What happened, and who did it?
On December 13th, Washington Post reported that Russian group APT29 or Cozy Bear had breached the US Treasury and Commerce Departments, and that FBI speculates the attack started as early as March 2020.
FireEye reported that the breach originated in a well-executed supply chain attack through the SolarWinds Orion software to deliver a malware named SUNBURST. SolarWinds Orion is a popular IT administration tool used by more than 300,000 organizations around the world, including 425 of the Fortune 500, the 10 largest telecommunication companies, every branch of the US military, and US government agencies such as the NSA, State Department, the Pentagon, Department of Justice, and the White House. As such, The US Government’s Cybersecurity and Infrastructure Security Agency (CISA) has issued an Emergency Directive calling on “all US federal civilian agencies to review their networks for indicators of compromise and disconnect or power down SolarWinds Orion products immediately."
The nation-state actor compromised the SolarWinds Orion solution and built a back door into Orion as early as March 2020. This was then used to further infect targets upon installing the infected update. As this software was compromised at the supplier level, it was digitally signed with valid signatures and was undetected by Anti-Virus or Operating system protections.
SolarWinds has issued an advisory disclosing that SolarWinds Orion Platform software released between March 2020 and June 2020 has been affected.
How it unfolded, and why monitoring users in the cloud is imperative
Once the victim installed the compromised software, the APT group continued to compromise the network further, using privileged accounts to move laterally and eventually obtain the credentials of a Domain administrator account or the SAML Signing Certificate. This allowed the attackers to move laterally to any on-premises device, or any cloud infrastructure. This level of access could be leveraged to forge new privileged accounts and develop a sturdier foothold within an organization. The attacker has been observed by Microsoft performing Domain Federation trust activities, in order to gain a foothold as well as the previously mentioned techniques to gain foothold and compromise.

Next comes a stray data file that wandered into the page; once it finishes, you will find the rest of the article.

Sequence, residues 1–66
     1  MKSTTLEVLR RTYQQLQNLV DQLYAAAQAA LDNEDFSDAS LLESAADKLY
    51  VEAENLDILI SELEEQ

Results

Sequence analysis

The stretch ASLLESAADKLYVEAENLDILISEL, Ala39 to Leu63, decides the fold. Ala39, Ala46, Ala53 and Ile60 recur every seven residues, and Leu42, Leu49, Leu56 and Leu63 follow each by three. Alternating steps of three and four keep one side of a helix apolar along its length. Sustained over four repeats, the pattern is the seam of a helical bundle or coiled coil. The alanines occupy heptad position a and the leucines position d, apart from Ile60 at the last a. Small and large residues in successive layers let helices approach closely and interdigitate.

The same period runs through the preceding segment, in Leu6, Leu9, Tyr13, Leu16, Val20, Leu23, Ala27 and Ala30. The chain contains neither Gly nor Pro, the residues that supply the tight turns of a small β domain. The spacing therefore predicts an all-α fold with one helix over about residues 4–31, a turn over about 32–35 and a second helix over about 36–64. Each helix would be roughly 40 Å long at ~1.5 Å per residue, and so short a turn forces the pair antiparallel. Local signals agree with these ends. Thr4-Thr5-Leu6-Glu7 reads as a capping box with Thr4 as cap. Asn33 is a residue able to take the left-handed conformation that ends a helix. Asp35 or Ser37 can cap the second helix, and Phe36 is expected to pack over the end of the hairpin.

Vectra Cognito has several capabilities available to customers who want to investigate or detect if they have been compromised by this attack.
Overview of Vectra’s detections
APT 29’s tools and techniques are highly sophisticated and have gone unnoticed for an extended period of time. The tactics of the group remain similar to previous APT compromises:
Vectra customers are protected from attacks leveraging the reported tactics and techniques. Below is an overview of Vectra’s AI-driven detections based on the TTP’s.
Detections based on network activity
External Remote Access / Hidden HTTPSTunnel/ Hidden HTTP Tunnel
Vectra Threat Intel Match
RPC Recon / Targeted RPC Recon
Suspicious Remote Execution
Privileged Access Anomalies
Detections based on Office 365 and Azure AD activity
Suspicious Sign-On activity
Newly Created Admin Accounts
Risky Application Permissions
What to look for in your environment:
Review activity related to the APT29 linked domain in the iSession metadata streams
Review activity that is unexpected from SolarWinds systems across all metadata
Review activity related to admin AD accounts in the Kerberos_txn metadata
Review activity related to admin accounts in the NTLM metadata
Review activity related to admin accounts in the RDP metadata (note that RDP cookies are truncated at 9 characters)
SolarWinds urges all customers to upgrade to Orion Platform version 2020.2.1 HF 1 as soon as possible to ensure the security of your environment, or to disable internet access for the Orion Platform and limiting the ports and connections to only what is necessary.
If you’re ready to change your approach to detecting and responding to cyberattacks like these, and to get a closer look at how Cognito can find attacker tools and exploits, schedule a demo with Vectra today.
Luke is the Threat Intel Lead for Vectra. He has been with the company for 4 years, joining as a consultant analyst and working with customers and high level incident response directly. Before joining Vectra, Luke was a senior Security Analyst for an international Engineering and Defence contractor where he developed SOC toolsets, processes and incident response playbooks.